Watching the watchkeepers: Why regulate drones?

A debate is quietly raging in the US press over remote-controlled warfare. On one side is the Wall Street Journal, which ran an editorial in April praising the expansion of UCAVs under Obama; on the other side is The New Yorker and The Nation, with Tom Engelhardt of the latter taking a strong line.

Andrew Gibson is a freelance journalist interested in military robotics, arms control (particularly nuclear), civil wars and politics

The WikiLeaks revelation that US Forces had to shoot down one of their own, out-of-control drones demonstrates an important principle about unmanned combat aerial vehicles (UCAVs). No matter how much information they collect, their misapplication is clouded by old-fashioned secrecy. This is tragic in that, in principle, drone technology has the potential to enhance jus in bello and make war crimes investigations more efficient.

The debate

A debate is quietly raging in the US press over remote-controlled warfare. On one side is the Wall Street Journal, which ran an editorial in April praising the expansion of UCAVs under Obama. The piece argued that such systems are a more precise and thus more moral way of disrupting terrorist networks. Their accuracy minimises collateral damage and UCAVs, by definition, keep troops out of harm’s way.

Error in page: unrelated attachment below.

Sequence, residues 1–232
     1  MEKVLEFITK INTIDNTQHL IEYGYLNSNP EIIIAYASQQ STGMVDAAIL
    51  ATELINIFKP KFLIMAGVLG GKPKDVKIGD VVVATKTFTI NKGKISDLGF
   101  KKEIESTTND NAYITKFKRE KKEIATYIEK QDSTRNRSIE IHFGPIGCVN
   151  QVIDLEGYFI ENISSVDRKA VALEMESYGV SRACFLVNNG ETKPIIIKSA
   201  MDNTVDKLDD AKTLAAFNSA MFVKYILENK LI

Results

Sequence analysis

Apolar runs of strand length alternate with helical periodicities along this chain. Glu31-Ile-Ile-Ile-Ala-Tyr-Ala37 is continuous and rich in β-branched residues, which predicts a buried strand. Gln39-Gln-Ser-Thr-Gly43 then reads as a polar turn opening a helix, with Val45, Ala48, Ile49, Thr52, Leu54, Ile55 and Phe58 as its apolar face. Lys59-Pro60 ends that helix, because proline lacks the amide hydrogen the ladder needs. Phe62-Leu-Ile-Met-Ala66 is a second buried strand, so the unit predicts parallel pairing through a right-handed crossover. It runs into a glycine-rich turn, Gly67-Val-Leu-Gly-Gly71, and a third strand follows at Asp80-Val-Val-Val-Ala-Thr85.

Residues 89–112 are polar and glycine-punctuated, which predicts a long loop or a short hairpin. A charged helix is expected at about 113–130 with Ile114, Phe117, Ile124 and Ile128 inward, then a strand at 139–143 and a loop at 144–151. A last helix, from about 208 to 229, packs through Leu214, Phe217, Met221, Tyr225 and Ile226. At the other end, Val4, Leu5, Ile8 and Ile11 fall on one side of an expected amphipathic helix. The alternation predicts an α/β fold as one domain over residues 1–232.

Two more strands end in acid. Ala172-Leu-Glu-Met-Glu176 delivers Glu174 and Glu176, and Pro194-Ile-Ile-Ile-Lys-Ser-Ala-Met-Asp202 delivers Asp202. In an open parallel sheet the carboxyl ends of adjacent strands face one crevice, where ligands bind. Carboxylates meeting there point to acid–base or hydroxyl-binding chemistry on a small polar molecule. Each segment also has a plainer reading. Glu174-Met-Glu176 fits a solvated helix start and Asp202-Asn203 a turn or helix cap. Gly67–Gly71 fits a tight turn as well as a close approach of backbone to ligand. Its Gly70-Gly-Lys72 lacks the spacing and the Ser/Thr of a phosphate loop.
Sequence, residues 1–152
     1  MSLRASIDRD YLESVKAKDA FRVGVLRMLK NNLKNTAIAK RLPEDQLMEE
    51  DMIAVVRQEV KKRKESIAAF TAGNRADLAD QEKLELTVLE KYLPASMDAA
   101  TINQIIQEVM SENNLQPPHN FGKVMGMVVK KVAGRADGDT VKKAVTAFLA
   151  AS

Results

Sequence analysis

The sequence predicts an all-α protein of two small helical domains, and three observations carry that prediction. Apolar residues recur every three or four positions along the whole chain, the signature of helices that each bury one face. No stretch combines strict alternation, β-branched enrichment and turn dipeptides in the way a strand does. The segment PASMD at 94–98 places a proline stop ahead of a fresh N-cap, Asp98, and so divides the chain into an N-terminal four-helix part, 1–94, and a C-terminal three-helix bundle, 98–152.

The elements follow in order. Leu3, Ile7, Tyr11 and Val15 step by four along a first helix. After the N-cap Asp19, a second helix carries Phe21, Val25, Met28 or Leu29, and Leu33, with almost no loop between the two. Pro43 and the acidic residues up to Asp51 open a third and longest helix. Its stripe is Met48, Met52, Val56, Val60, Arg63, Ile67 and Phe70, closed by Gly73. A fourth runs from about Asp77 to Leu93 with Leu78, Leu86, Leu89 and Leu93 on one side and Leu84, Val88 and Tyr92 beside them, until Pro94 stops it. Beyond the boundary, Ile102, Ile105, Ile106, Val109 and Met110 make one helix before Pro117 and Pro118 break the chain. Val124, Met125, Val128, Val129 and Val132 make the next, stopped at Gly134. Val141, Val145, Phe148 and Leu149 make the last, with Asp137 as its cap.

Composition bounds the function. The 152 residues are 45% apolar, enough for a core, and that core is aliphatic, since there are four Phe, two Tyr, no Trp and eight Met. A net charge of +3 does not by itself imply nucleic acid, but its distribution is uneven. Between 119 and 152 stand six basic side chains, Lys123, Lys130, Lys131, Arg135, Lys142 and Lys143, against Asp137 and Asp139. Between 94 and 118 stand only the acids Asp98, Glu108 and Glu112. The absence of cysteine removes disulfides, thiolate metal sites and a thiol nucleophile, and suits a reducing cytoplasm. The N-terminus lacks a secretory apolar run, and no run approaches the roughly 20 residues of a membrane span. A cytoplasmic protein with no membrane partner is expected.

A second contention is that the legal controversy over drone strikes in Pakistan and Yemen is misplaced, as America has been at war with the Taliban and al-Qaeda since 2001.

On the other side is The New Yorker and The Nation, with Tom Engelhardt of the latter taking a strong line. He regularly argues that UCAVs lend themselves to extra-judicial assassinations, their accuracy is exaggerated by the defence industry and, most importantly, efficient in uniting host nation civilians against a distant, misinformed West.

In short, Englehardt understands drones as part of a myth of hygienic war and an enabler of mission creep; The Wall Street Journal presents them as the reality of hygienic war and the West’s answer to the suicide bomber.

This debate mirrors another about whether mediating war through computer screens makes soldiers more fair-minded or bloody-minded, less partial or less empathetic. As the equivocating prophet of robotic warfare PW Singer put it: